App Prototyping

with Erin Parker

Love what you’re seeing?

This is just a small sample! There are hundreds
of videos, in-depth courses, and content to
grow a startup fast. Let us show you!

Now Playing

Customer Feedback

Customer feedback changes with a higher fidelity product vs. a lower fidelity product.

Erin Parker

Founder, Spitfire Athlete; iOS Engineer; National-Level Weightlifter

Lessons Learned

Higher fidelity products typically get less honest feedback from users.

Constantly seek customer feedback.

Don’t ask your users what to build – they don’t know.


Lesson: App Prototyping with Erin Parker

Step #7 Customer Feedback: Customer feedback changes with a higher fidelity product vs. a lower fidelity product

There is a difference in customer responses with a rough sketchy paper prototype and a polished app. In the rough sketchy prototype, yes they're going to be more likely to critique your idea, but they're also going to be less likely to actually understand what's going on. In the more polished prototype, they're going to be less likely to critique your idea, because they're going to feel like it's more set in stone, and that they can't really change it. But they're going to be able to see what you're actually envisioning with your product. I think that actually is what gets them excited about using it, because they can see "Oh, this is what you mean, when you said you wanted to build this." Whereas with the paper one, it's like "Oh, you described this idea, but I don't know if I can see this really being successful."

I'm more of a fan of higher fidelity prototyping though, because when you design a specific implementation of, say, a button and then you make it transparent, that's when you can tell that the users don't actually know that that's a button that they can click on, even though you think it looks really pretty.

So I think it's important to test that, because you could be building this stuff, as an engineer, and your customers never know it's even there. That's really bad, because you spent like two weeks building something, and they can't even discover it. So it's important to test that interface first at its higher fidelity state, before you build it, so that your customers are like "Obviously, that's a button. Yeah I can totally click on it." Then they actually understand how to use your product.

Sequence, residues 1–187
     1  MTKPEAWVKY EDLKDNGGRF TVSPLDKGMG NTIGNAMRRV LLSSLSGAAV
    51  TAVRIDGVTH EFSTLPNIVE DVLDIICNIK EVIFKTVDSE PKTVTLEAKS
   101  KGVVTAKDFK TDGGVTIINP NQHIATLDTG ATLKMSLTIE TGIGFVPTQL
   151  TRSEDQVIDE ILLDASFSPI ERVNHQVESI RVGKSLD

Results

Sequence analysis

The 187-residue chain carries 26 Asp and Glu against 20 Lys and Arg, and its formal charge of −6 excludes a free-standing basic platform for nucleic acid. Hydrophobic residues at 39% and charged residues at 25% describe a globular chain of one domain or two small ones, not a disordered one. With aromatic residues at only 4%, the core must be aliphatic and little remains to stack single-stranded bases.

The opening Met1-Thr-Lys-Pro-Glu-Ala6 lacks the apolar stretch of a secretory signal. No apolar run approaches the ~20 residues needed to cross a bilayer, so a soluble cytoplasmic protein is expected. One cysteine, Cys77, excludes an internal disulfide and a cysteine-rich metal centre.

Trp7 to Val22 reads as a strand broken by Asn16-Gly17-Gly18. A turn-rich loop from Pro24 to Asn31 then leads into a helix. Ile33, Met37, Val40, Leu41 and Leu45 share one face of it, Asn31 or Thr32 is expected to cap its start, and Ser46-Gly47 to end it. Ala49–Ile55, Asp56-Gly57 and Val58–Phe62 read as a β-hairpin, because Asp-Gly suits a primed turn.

So we do talk to our customers a lot. We do ask them for their feedback and their perspective on the product, but since we have the vision of where the product needs to go next, We're really asking more for "Hey, is there something that we haven't built yet that you want?" At this point we just know our users so deeply that they're basically telling us stuff that we already know, like "Yes, we know that you've been wanting this for a while."

We've actually found it's a bad idea to ask your users what to build, because they don't know and they actually have never thought about it. So even though they are very much your target demographic, and they have the day and the life that you understand. Just straight out asking them "Hey, what should we build? " is a bad idea.

I think if you want to understand your users better, a much better question to ask them is, "Tell me how you spend your day, from the moment you wake up till the moment you go to sleep. What do you do every single hour?" That's really insightful, because then you know when their day, are they going to use your product? Do they ever go near the gym? We build a fitness app. So, do they ever go near the gym?

Or is there a time at home when they're like "Huh, I'd like to workout right now." Understanding how they spend each of those hours is much more insightful to you as an entrepreneur, because then you know, "Okay where can I reach them? How can I market to them?" Also asking them, "What social media do you use, and why?" Then asking if you could watch them use it is really interesting.

So we watch our users use Instagram, we watch our users use Facebook, and we see where they click and we're like "Huh, why did you click on that?" Or, "Why did you join this group?" and then they'll respond "Oh, I wanted to learn how to do this, so I though this would help me achieve that." Then in your head you're thinking, "Oh, my product can help them better achieve that. So next time they go through this process, we're going to advertise our product here, and hopefully them they'll find out about it."

So instead of asking your users "What should we build?" you should just try and learn as much about them as possible, because then you can see where to put your product in their lives, so that it can actually help them do what they're already trying to do.

Copyright © 2024 LLC. All rights reserved.